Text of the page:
Goodman Theatre (Albert)

The Music Man

At the Goodman (Albert)Theatre

By Dan Zeff

Chicago – Meredith Willson’s “The Music Man” seemed like an ideal choice for a summer show at the Goodman Theatre. It’s a comfortable slice of Americana, a nostalgic trip back to a more innocent period in this country in contrast to the shrill and confrontational times we are living in today. It’s also a great show on its own artistic and entertainment merits.

Goodman has doubled down on its commercial bets by signing the eminent director Mary Zimmerman to stage the show. It’s no surprise that the theater has extended the production twice to accommodate consumer demand, and at a top three figure ticket price that approaches Broadway numbers. So anticipation has run high, and in some ways expectations have been met. But there are still problems in River City. The Goodman revival can’t be called a disappointment, but I still experienced a let down feeling by the end of the evening.

           Photo Credit – Liz Lauren

“The Music Man” draws on Willson’s affectionate memories of his early years in Mason City, Iowa, renamed River City in the musical. The story is build on the unlikely romance between a traveling con man named Harold Hill and Marian Paroo, the strong willed town librarian, who is fighting a losing battle for open mindedness in the starchy and ultra conservative community. The River City establishment is anti intellectual and its blowhard mayor xenophobic in his resentment of the immigrant element in the town. Yet this isn’t a soap box show. It’s a fun work with terrific songs and a collection of colorful characters we are invited to laugh at with amused condescension.

But “The Music Man” isn’t a social document. It wins us over with corny humor, barbershop harmonizing, and opportunities for rousing dances. And we should have no difficulty accepting the happy if improbable love affair between a reformed Harold Hill and the previously frustrated and romance starved librarian.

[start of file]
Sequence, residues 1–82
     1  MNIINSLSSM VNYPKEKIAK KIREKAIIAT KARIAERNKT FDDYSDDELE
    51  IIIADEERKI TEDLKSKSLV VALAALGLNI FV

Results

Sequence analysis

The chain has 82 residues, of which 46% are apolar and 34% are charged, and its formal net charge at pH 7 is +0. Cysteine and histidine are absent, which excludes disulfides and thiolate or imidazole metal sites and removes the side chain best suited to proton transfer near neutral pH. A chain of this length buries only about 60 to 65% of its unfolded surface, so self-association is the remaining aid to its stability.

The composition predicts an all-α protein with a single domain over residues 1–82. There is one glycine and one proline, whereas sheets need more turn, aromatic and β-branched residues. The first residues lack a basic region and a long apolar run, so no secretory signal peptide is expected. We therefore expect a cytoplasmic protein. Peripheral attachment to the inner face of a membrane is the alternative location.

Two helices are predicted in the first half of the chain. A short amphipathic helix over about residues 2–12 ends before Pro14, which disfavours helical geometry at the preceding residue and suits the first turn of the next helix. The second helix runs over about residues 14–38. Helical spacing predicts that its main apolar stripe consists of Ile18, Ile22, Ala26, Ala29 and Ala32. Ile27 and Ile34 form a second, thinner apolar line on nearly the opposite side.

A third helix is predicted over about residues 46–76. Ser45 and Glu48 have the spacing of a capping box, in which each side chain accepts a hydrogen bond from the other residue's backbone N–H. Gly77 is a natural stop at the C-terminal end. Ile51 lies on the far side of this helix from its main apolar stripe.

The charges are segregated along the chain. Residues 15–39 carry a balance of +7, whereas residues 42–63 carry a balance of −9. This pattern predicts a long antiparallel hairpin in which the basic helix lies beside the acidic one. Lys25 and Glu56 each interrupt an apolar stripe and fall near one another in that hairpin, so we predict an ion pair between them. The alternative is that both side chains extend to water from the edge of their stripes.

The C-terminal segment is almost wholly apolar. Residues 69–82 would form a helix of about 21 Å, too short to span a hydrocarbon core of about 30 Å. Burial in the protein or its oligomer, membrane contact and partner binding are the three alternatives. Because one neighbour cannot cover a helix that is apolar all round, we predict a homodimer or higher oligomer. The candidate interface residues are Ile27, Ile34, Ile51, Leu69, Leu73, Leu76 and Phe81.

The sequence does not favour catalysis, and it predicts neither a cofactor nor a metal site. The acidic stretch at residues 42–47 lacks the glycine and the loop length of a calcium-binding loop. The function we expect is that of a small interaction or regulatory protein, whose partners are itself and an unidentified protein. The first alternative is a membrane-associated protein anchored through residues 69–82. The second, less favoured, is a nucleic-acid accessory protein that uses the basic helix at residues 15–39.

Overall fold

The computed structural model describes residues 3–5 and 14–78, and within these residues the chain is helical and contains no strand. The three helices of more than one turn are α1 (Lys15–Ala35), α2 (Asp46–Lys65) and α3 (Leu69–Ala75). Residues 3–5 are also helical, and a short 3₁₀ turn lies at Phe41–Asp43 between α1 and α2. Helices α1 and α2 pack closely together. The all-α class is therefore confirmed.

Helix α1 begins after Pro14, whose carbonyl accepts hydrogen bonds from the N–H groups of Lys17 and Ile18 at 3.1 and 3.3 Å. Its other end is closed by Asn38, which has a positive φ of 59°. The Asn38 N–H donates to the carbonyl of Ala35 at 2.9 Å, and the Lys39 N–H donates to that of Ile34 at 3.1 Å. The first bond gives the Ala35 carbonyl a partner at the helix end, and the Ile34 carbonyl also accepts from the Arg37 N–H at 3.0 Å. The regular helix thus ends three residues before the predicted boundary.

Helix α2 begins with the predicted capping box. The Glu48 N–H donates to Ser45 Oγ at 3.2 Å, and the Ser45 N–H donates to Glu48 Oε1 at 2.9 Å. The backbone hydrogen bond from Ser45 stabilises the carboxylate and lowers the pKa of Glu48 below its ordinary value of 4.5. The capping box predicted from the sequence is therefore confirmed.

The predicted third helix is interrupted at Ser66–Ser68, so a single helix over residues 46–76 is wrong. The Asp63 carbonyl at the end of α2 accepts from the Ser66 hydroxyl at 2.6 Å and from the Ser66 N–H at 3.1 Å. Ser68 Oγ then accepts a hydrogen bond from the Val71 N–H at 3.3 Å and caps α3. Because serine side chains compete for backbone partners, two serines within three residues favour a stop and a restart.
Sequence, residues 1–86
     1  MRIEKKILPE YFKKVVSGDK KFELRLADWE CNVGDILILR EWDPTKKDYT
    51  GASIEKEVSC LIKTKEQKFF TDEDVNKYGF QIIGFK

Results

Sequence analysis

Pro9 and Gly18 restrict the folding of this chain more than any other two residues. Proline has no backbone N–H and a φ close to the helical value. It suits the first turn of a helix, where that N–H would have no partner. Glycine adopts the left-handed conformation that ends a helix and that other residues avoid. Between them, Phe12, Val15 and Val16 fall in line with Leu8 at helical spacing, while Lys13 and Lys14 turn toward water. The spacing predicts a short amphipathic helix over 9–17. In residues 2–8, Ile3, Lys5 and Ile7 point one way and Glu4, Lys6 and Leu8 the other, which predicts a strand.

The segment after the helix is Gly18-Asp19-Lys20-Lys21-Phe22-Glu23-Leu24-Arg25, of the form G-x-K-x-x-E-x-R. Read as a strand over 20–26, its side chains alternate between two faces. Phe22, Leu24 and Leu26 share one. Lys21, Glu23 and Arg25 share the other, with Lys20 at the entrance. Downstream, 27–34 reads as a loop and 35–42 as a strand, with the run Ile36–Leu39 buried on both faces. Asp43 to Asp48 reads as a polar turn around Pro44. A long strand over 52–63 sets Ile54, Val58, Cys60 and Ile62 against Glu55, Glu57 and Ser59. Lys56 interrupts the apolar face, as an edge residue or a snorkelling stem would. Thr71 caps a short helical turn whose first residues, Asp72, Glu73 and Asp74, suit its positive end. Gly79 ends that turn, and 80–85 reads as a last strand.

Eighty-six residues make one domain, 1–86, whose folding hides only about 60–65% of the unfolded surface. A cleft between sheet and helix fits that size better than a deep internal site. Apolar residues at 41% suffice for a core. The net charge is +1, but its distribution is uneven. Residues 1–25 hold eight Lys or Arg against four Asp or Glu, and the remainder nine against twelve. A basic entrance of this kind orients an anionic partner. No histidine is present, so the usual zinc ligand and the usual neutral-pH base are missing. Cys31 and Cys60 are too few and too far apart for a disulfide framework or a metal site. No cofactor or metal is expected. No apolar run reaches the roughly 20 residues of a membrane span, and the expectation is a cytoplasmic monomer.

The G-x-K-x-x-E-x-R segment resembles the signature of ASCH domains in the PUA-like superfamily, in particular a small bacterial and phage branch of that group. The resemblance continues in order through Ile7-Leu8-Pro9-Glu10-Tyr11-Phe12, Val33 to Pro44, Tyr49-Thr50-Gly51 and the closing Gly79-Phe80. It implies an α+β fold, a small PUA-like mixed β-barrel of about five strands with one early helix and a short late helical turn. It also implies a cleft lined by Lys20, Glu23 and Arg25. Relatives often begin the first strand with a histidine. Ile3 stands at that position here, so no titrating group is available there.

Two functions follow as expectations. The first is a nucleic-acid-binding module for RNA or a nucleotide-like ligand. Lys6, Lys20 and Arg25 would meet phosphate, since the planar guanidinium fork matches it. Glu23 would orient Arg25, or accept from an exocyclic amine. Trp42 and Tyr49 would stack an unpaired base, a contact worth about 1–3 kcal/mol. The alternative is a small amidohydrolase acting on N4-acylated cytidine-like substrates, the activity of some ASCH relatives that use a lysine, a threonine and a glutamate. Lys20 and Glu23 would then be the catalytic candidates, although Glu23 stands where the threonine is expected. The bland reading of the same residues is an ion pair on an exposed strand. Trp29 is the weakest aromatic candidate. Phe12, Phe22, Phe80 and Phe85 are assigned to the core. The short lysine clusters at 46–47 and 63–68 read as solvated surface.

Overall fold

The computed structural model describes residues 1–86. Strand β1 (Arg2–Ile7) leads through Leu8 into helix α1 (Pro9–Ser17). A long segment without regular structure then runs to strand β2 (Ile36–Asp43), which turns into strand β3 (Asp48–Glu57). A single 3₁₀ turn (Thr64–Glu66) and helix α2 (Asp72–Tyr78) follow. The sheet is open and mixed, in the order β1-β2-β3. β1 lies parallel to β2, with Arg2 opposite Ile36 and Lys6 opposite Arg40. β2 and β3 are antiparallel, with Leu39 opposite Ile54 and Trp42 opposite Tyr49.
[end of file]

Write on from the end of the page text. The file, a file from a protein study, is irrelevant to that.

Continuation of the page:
So what’s gone wrong? For openers, Daniel Ostling’s set design is a series of geometric backdrops, realistic on the surface but abstract in effect like a Charles Sheeler painting. Instead of creating a comfy and familiar backdrop for the action, the set creates an emotionally remote disconnect between the small town residents and their environment.

There is a major difficulty with Geoff Packard’s Harold Hill. Hill is a smooth con man, in the current case launching himself on the gullible River City citizens as a “music man” who promises to elevate the town’s moral fiber by starting a band for the local youth. Of course, the band requires uniforms, instruments, and instructional manuals that Hill will provide, for a fee. His plan is to fleece the rubes and leave town before they realize they have been swindled.

Hill is a crook, but he has to generate some audience sympathy as he melts under the love of a good woman, Marian Paroo. But Packard’s Hill remains a conniving con man for nearly the entire show. And there is little chemistry between Hill and Monica West’s town librarian. Their coupling at the end seems more a plot expediency than a believable evolution of a relationship between two outsiders who finally find happiness.

              Photo Credit – Liz Lauren